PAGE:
Keyword
5 ' end gene diversity; LRR receptor-like serine/threonine-protein kinase; Local geographical adaptation; Single nucleotide polymorphisms; Phaseolus vulgaris population structure and expansion
National Category
Ecology
Identifiers
urn:nbn:se:uu:diva-260711 (URN)10.1016/j.plantsci.2015.08.004 (DOI)000367106100024 ()26566842 (PubMedID)
Available from: 2015-08-24 Created: 2015-08-24 Last updated: 2017-12-04Bibliographically approved
Little, C., Wheeler, J., Sedlacek, J., Cortés, A. J. & Rixen, C. (2016). Small-scale drivers: the importance of nutrient availability and snowmelt timing on performance of the alpine shrub Salix herbacea. Oecologia, 180(4), 1015-1024
Open this publication in new window or tab >>Small-scale drivers: the importance of nutrient availability and snowmelt timing on performance of the alpine shrub Salix herbacea
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2016 (English)In: Oecologia, ISSN 0029-8549, E-ISSN 1432-1939, Vol. 180, no 4, p. 1015-1024Article in journal (Refereed) Published
Abstract [en]

Alpine plant communities are predicted to face range shifts and possibly extinctions with climate change. Fine-scale environmental variation such as nutrient availability or snowmelt timing may contribute to the ability of plant species to persist locally; however, variation in nutrient availability in alpine landscapes is largely unmeasured. On three mountains around Davos, Switzerland, we deployed Plant Root Simulator probes around 58 Salix herbacea plants along an elevational and microhabitat gradient to measure nutrient availability during the first 5 weeks of the summer growing season, and used in situ temperature loggers and observational data to determine date of spring snowmelt. We also visited the plants weekly to assess performance, as measured by stem number, fruiting, and herbivory damage. We found a wide snowmelt gradient which determined growing season length, as well as variations of an order of magnitude or more in the accumulation of 12 nutrients between different microhabitats. Higher nutrient availability had negative effects on most shrub performance metrics, for instance decreasing stem number and the proportion of stems producing fruits. High nutrient availability was associated with increased herbivory damage in early-melting microhabitats, but among late-emerging plants this pattern was reversed. We demonstrate that nutrient availability is highly variable in alpine settings, and that it strongly influences performance in an alpine dwarf shrub, sometimes modifying the response of shrubs to snowmelt timing. As the climate warms and human-induced nitrogen deposition continues in the Alps, these factors may contribute to patterns of local plants persistence.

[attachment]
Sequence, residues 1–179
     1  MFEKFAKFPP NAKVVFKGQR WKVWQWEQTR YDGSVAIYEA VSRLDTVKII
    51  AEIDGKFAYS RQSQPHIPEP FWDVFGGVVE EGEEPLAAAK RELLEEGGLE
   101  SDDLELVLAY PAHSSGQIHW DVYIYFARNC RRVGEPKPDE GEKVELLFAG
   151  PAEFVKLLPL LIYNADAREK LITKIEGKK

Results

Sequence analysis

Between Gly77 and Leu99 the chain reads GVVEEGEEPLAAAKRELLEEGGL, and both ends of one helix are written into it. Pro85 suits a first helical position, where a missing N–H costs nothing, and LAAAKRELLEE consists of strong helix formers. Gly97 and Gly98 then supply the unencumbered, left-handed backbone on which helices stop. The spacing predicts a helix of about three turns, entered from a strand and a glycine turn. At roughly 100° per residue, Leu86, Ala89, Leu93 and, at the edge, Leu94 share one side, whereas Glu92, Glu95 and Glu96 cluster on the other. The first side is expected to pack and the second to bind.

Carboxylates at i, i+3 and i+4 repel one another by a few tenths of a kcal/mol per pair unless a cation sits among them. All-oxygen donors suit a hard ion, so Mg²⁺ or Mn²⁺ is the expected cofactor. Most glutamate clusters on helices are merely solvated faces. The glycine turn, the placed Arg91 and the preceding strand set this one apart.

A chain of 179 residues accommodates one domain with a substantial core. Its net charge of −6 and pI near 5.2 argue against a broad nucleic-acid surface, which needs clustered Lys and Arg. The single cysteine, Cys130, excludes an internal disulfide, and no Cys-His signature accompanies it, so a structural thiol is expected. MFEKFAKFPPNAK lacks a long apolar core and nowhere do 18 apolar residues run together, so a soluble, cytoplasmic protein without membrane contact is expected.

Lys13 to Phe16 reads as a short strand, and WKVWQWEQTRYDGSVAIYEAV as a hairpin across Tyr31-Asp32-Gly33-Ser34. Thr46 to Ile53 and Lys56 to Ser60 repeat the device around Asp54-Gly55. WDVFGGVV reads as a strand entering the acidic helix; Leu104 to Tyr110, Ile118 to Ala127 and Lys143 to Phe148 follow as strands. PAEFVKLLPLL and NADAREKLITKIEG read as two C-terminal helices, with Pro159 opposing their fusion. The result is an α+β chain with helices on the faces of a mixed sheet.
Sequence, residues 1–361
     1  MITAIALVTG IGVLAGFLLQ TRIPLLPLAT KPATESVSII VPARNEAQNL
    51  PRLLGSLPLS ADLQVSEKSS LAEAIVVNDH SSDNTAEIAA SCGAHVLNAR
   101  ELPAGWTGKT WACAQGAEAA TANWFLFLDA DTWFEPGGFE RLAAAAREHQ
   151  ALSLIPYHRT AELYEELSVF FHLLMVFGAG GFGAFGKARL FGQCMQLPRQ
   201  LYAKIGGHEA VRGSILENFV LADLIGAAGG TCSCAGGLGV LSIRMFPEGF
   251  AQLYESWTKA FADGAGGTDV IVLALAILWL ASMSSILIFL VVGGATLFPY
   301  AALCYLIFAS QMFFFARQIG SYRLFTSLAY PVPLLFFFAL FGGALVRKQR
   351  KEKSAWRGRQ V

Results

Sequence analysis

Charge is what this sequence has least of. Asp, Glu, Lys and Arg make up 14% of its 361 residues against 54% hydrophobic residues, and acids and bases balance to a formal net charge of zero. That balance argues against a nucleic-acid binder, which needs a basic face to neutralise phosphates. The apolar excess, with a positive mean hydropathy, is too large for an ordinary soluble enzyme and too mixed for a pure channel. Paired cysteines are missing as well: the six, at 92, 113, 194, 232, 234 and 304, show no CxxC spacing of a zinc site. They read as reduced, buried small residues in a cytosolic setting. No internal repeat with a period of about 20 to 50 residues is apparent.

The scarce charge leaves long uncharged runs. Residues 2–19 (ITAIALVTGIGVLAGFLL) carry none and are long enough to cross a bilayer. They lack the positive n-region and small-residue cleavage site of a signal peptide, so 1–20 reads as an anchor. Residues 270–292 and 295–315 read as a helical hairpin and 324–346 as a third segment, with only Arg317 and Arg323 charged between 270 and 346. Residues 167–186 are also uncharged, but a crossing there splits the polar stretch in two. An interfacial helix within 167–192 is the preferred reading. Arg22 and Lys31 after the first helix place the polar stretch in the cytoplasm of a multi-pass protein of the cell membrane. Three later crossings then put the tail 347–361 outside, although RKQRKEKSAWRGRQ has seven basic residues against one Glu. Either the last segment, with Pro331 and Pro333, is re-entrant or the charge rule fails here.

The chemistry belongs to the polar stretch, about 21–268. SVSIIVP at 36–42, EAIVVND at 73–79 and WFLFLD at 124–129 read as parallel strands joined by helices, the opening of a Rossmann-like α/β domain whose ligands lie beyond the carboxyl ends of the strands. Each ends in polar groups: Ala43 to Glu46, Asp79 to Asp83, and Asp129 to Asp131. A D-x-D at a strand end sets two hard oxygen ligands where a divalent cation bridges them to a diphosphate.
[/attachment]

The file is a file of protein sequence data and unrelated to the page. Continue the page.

National Category
Ecology
Identifiers
urn:nbn:se:uu:diva-260712 (URN)10.1007/s00442-015-3394-3 (DOI)000373186100010 ()26235963 (PubMedID)
Available from: 2015-08-24 Created: 2015-08-24 Last updated: 2017-12-04Bibliographically approved
Cortés, A. J. (2015). On The Big Challenges of a Small Shrub: Ecological Genetics of Salix herbacea L. (Doctoral dissertation). Uppsala: Acta Universitatis Upsaliensis
Open this publication in new window or tab >>On The Big Challenges of a Small Shrub: Ecological Genetics of Salix herbacea L
2015 (English)Doctoral thesis, comprehensive summary (Other academic)
Abstract [en]

The response of plants to climate change is among the main questions in ecology and evolution. Faced with changing conditions, populations may respond by adapting, going extinct or migrating. Fine-scale environmental variation offers a unique mosaic to explore these alternatives. In this thesis, I used ecological surveys, field experiments and molecular methods to study the range of possible responses at a very local scale in the alpine dwarf willow Salix herbacea L. Since gene flow may impact the potential for adaptation and migration, I first explored whether phenological divergence driven by snowmelt patterns impacts gene flow. I found that sites with late snowmelt work as sinks of the genetic diversity, as compared to sites with early snowmelt. I also used a combined approach that looked at the selection, heritability and genomic architecture of ecologically-relevant traits, as well as genomic divergence across the snowmelt mosaic. In this way, I was able to understand which genomic regions may relate to phenological, growth and fitness traits, and which regions in the genome harbor genetic variation associated with late- and early- snowmelt sites. I found that most of the genomic divergence driven by snowmelt is novel and is localized in few regions. Also, Salix herbacea has a strong female bias. Sex bias may matter for adaptation to climate change because different sexes of many dioecious species differ in several functions that may fluctuate with changing conditions. I found that the bias is uniform across environments and is already present at seeds and seedlings. A polygenic sex determination system together with transmission distortion may be maintaining the bias. Overall, fast-evolving microhabitat-driven genomic divergence and, at the same time, genetically-based trait variation at a larger scale may play a role for the ability of S. herbacea to persist in diverse and variable conditions.